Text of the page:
The global manufacturing sector has been making a lot of news lately amid indications that production is being “reshored” to developed economies. What does the future hold for Canada’s manufacturers?
By any measure, it’s been hard times for Canadian manufacturers since the Great Recession descended on the world in 2008–09. By 2012, half a million manufacturing jobs had been lost in Canada compared with a decade earlier, as hundreds of factories closed down.
This spring, however, green shoots of renewed growth were finally appearing after the long winter of the last five years.
More good news ahead
Hope for Canadian manufacturing comes at a time of increasing optimism in many developed countries and a heightened awareness of the importance that manufacturing plays in wealth creation. Much of this optimism centres on the “reshoring” of production to developed countries from China and other developing nations. While it remains unclear to what extent reshoring is occurring in Canada, the sector’s performance has been encouraging of late.
And there looks to be more good news ahead. Canadian factories are well positioned to take advantage of accelerating growth in the U.S. and other export markets in the coming months.
A robust manufacturing sector is critical to Canada’s economic well-being. It’s still the largest employer in the country, providing not only well-paid jobs in factories, but also with suppliers and in the offices of accountants, lawyers and other service providers. Manufacturing is also an important source of innovation in our economy, accounting for half of all R&D spending in Canada.
Better equipped to compete
The impact of the recession was brutal, especially because it was coupled with a rising Canadian dollar and increasing competition from countries such as China and Mexico. But now, the surviving companies are much better equipped to compete both here and abroad, and are benefitting from a decline in the dollar. In fact, an internal BDC study on the competitiveness of Canadian manufacturing found that our companies enjoy a number of important advantages over their international competitors.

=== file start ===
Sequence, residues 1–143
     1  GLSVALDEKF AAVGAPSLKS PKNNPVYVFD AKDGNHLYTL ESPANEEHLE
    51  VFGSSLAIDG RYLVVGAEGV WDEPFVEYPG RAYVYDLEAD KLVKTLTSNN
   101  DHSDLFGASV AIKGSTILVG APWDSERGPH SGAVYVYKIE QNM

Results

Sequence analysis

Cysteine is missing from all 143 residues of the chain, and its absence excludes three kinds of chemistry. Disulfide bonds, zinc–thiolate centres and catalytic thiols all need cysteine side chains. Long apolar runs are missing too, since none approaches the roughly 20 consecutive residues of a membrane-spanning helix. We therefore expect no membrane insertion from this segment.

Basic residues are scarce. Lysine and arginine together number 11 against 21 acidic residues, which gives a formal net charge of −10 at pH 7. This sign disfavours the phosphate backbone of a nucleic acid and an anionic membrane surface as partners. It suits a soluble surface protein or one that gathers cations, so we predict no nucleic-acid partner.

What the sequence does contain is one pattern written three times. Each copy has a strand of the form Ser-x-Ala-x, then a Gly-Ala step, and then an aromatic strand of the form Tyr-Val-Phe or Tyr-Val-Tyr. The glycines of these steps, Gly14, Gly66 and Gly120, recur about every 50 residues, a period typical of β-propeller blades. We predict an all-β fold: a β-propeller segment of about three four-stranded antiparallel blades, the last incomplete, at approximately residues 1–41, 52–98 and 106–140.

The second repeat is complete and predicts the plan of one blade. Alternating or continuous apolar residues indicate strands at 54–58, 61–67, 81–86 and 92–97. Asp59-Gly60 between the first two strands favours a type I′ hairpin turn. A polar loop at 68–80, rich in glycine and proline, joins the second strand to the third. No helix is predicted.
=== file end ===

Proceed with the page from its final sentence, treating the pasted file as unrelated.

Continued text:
First, we have one of the most skilled labour forces in the world. That’s important because jobs in today’s factories are more demanding than ever due to the heavy use of advanced computer software, robotics and other high-tech equipment.
Productivity on the rise
More surprisingly, a separate KPMG study concluded that the overall cost of manufacturing in Canada—wages, energy, corporate taxes and the like—is similar to that in the U.S. and lower than that in other key competitor countries including Germany and Japan.
As well, productivity in the sector has been on the rise since the recession, outpacing productivity gains in the economy as a whole during that period. It’s been a difficult five years for Canada’s manufacturers, but there’s every reason to believe this crucial sector is entering a new season of growth.